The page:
Ron Cook likes space, comfort and classic English cabinetry. So when he saw the cramped little kitchen he planned to redecorate for this year's 2002 ASID Designer Showhouse, he knew it would take more than pretty furniture and a paint job to create the dream room he envisioned. In less than three weeks, Cook, who has owned Cook's Custom Cabinetry for more than 30 years, and Terry Green, architect and owner of the house, had created a cozy space with enough room for three or four cooks to operate in comfort, lots of cabinet space and a generous dollop of old-fashioned charm.
It's a kitchen that has probably seen its share of behind-the-scenes action and glamorous entertaining. The elegant Italian Mediterranean house on Bay Shore Road is believed to have been built by a member of the Ringling family in 1926; and subsequent owners have included such high-profile names as Edith Ringling, the wife of Charles Ringling, and David B. Lindsay, former editor-publisher of the Sarasota Herald-Tribune.
When Cook and Green started work on the kitchen, they faced a crowded space bisected by columns and a closed-in pantry area that took up an entire corner of the room. Green was unhappy with the constricted feel of the space, which featured a mish-mash of styles and included a 1988 addition jammed on to the older section. "There was no space to walk in here," Cook agrees. All the appliances-dishwasher, range, and refrigerator-were lined up against one wall, and only two light fixtures brightened the space.
The first thing Cook did was open up the space. He pulled out the old columns, which divided the kitchen in half, and used steel pillars (now hidden inside cabinets) to push back the walls and increase the width of the space. This transformed the room into an open L-shaped area with all counters and appliances tucked along the walls rather than protruding into the center.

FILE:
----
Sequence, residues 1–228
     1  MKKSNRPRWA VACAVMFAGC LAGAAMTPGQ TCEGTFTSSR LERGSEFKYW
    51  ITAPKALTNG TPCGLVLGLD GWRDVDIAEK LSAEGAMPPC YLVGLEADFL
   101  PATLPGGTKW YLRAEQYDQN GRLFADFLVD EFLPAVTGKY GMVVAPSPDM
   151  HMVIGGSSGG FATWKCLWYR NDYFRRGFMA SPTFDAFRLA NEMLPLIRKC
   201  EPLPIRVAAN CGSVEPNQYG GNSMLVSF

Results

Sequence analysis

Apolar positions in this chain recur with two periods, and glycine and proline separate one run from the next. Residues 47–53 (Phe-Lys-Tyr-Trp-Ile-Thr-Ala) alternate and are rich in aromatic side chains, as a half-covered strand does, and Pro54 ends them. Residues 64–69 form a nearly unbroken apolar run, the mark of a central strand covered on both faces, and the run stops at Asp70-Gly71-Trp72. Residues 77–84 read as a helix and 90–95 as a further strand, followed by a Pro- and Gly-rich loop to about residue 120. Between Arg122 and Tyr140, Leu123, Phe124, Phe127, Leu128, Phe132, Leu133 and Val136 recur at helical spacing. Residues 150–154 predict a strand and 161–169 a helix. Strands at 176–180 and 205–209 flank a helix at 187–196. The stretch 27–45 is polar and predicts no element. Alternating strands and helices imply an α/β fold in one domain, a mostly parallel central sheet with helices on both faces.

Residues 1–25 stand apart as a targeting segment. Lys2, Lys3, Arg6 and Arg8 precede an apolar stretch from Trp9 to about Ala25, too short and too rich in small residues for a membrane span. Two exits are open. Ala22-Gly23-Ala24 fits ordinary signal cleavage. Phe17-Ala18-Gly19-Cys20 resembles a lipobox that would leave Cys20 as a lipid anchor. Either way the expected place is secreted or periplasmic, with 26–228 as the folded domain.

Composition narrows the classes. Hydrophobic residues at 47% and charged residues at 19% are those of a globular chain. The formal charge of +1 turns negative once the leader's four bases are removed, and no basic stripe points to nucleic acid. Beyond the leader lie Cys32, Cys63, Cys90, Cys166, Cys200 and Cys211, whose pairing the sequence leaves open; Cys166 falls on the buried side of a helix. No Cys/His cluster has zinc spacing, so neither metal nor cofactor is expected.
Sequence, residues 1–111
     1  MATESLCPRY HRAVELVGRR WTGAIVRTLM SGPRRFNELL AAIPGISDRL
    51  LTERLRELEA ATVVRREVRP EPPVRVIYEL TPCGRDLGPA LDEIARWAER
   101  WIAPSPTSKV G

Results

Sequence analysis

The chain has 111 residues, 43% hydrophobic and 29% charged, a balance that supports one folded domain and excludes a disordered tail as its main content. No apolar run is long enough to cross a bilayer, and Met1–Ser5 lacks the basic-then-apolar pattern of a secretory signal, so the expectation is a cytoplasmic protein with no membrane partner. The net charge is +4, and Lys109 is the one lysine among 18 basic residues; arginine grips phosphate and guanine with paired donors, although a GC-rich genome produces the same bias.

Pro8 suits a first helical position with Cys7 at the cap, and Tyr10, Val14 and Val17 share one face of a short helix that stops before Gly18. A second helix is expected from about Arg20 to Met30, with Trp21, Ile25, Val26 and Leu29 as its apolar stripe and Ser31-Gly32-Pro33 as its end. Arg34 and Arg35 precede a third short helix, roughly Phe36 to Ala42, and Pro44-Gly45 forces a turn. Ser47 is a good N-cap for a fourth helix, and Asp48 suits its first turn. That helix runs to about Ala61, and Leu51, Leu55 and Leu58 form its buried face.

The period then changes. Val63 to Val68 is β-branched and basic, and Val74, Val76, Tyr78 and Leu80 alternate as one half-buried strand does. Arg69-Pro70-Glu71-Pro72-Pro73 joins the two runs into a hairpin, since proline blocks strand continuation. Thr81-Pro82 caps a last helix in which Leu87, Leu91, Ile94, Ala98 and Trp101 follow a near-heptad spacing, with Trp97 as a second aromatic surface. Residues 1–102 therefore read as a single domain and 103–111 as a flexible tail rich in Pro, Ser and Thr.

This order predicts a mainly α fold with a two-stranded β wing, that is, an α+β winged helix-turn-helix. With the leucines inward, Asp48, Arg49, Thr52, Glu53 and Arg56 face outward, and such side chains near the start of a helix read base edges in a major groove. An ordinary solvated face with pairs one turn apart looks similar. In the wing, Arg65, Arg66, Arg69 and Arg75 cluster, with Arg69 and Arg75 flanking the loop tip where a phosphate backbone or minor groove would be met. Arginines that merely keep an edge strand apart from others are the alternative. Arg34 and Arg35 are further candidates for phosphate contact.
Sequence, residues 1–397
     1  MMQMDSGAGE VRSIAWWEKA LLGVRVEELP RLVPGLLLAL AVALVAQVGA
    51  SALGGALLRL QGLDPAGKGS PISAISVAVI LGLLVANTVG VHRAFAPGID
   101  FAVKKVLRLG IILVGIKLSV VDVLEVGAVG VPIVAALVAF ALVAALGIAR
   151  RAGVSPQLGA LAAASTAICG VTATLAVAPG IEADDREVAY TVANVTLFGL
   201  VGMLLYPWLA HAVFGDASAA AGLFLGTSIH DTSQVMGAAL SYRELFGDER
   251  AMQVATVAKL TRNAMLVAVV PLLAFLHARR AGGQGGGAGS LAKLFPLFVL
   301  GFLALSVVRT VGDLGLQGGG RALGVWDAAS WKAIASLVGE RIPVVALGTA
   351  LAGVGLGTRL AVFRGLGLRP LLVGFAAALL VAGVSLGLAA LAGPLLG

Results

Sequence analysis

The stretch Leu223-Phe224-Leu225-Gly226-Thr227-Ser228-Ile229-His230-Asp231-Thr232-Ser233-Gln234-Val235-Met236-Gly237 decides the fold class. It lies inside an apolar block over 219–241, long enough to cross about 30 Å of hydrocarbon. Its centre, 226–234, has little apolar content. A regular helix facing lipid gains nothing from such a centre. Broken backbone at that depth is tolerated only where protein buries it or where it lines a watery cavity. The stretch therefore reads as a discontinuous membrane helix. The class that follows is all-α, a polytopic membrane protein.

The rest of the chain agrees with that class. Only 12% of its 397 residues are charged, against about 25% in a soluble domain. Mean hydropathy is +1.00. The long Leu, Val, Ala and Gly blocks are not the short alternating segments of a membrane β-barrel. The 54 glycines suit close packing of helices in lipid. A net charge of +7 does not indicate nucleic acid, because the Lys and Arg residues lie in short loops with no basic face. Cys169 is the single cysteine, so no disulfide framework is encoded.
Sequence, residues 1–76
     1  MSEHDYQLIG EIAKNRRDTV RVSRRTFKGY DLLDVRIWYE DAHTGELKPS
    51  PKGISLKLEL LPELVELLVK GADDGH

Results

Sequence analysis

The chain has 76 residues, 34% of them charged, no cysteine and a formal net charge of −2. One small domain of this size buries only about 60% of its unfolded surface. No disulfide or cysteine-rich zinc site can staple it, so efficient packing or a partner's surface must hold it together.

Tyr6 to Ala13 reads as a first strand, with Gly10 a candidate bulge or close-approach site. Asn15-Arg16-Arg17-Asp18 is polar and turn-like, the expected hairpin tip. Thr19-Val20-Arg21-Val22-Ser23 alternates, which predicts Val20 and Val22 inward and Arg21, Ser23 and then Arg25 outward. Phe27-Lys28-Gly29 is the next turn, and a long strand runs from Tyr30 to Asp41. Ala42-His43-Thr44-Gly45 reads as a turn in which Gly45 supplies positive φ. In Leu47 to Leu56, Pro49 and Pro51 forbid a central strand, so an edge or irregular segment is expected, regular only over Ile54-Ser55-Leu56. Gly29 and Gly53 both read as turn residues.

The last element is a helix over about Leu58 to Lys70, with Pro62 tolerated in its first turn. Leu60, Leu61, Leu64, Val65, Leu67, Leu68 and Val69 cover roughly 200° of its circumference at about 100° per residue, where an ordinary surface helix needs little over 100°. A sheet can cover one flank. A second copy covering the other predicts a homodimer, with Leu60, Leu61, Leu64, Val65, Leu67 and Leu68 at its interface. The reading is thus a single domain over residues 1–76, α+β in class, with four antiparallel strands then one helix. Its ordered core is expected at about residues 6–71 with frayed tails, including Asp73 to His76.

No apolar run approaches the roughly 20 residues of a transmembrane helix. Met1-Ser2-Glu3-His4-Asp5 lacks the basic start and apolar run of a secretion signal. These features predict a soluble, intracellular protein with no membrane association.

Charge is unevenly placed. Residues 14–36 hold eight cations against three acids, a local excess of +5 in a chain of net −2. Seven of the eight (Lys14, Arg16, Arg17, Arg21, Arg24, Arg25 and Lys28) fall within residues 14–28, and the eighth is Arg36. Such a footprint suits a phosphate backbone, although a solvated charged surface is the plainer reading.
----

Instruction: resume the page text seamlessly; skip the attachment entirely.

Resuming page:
Cook removed the pantry completely, opening up the space to accommodate a breakfast table and four chairs, with a hutch to hold dinner plates and accessories. He installed slender cabinets on either side of the large window, which now faces the table, and added a wide cabinet under the window seat. There's easy access through the doorway to a new patio, so the owners can bring their groceries right into the kitchen rather than having to enter through the front door.
Increasing storage space was a prime consideration for Cook, who grew the space by about a third, using one of his favorite styles of cabinet-the classic English country style called Brookhaven Pelham Manor. With raised panels and molding, the cabinets feature occasional glass fronting to break up the monotony of wood. Some features are not immediately apparent but delightfully thoughtful, like the foot-deep drawers set in cabinets beside the cooking range. These can comfortably hold even large pots and pans. There's also the pull-out trash compartment, which Cook says is an extremely popular kitchen fixture nowadays.
A pretty feature of the original kitchen was the floor, made of eight-by-eight ochre Saltillo tiles in warm, reddish peach tones. While the uneven-textured floor-which Cook and Green decided to keep and put a coat of varnish on-is appealing and quaint, it was difficult to coordinate colors with its intense hue. Cook opted for contrast with emerald granite countertops flecked with gold. Knitting the palette together are the quartzite tiles Brenda Zumbro of Fisher Tile used to line the walls between the countertops and cabinet bottoms. "I didn't want some cold ceramic tile," Cook says. "I wanted something very warm and very earthy so it would blend in with granite and woods." With hints of gray, cream, bronze, gold and silver, the tiles have piqued many inquiries from visitors. Cook also encouraged decorative painter Cynthia Smith to cover the walls in gold paint with four different applications of bronze stenciling. Valences and toe-kicks with deliberately worn edges are a contemporary black, reflecting the dark pewter of the knobs and handles.
When it came to appliances, however, Cook went strictly for the modern. He raised the hem of a window at the far end of the room and installed two extra-deep stainless steel sinks there, adjacent to a state-of-the-art Swedish ASKO dishwasher and across from the enormous Sub-Zero refrigerator. "That Wolf range is just the talk of the city," Cook says proudly about the mammoth cooking range with a 24-by-12-inch grill, four burners and 36-inch oven.
Improving the lighting was another priority: The two dim bulbs and natural light from two windows would not suffice. Besides, Cook explains, granite absorbs light; and this makes under-cabinet lighting fixtures especially important. The hood above the stove carries stainless steel halogen lights, and recessed lighting spreads a suffused glow through the room.
The transformed room is bright, light and a short walk from the outside, and that's just how Green wanted it.
"When you live in Florida, you need to introduce the exterior to the inside and bring the light in," Green says. "That's what Florida living is all about."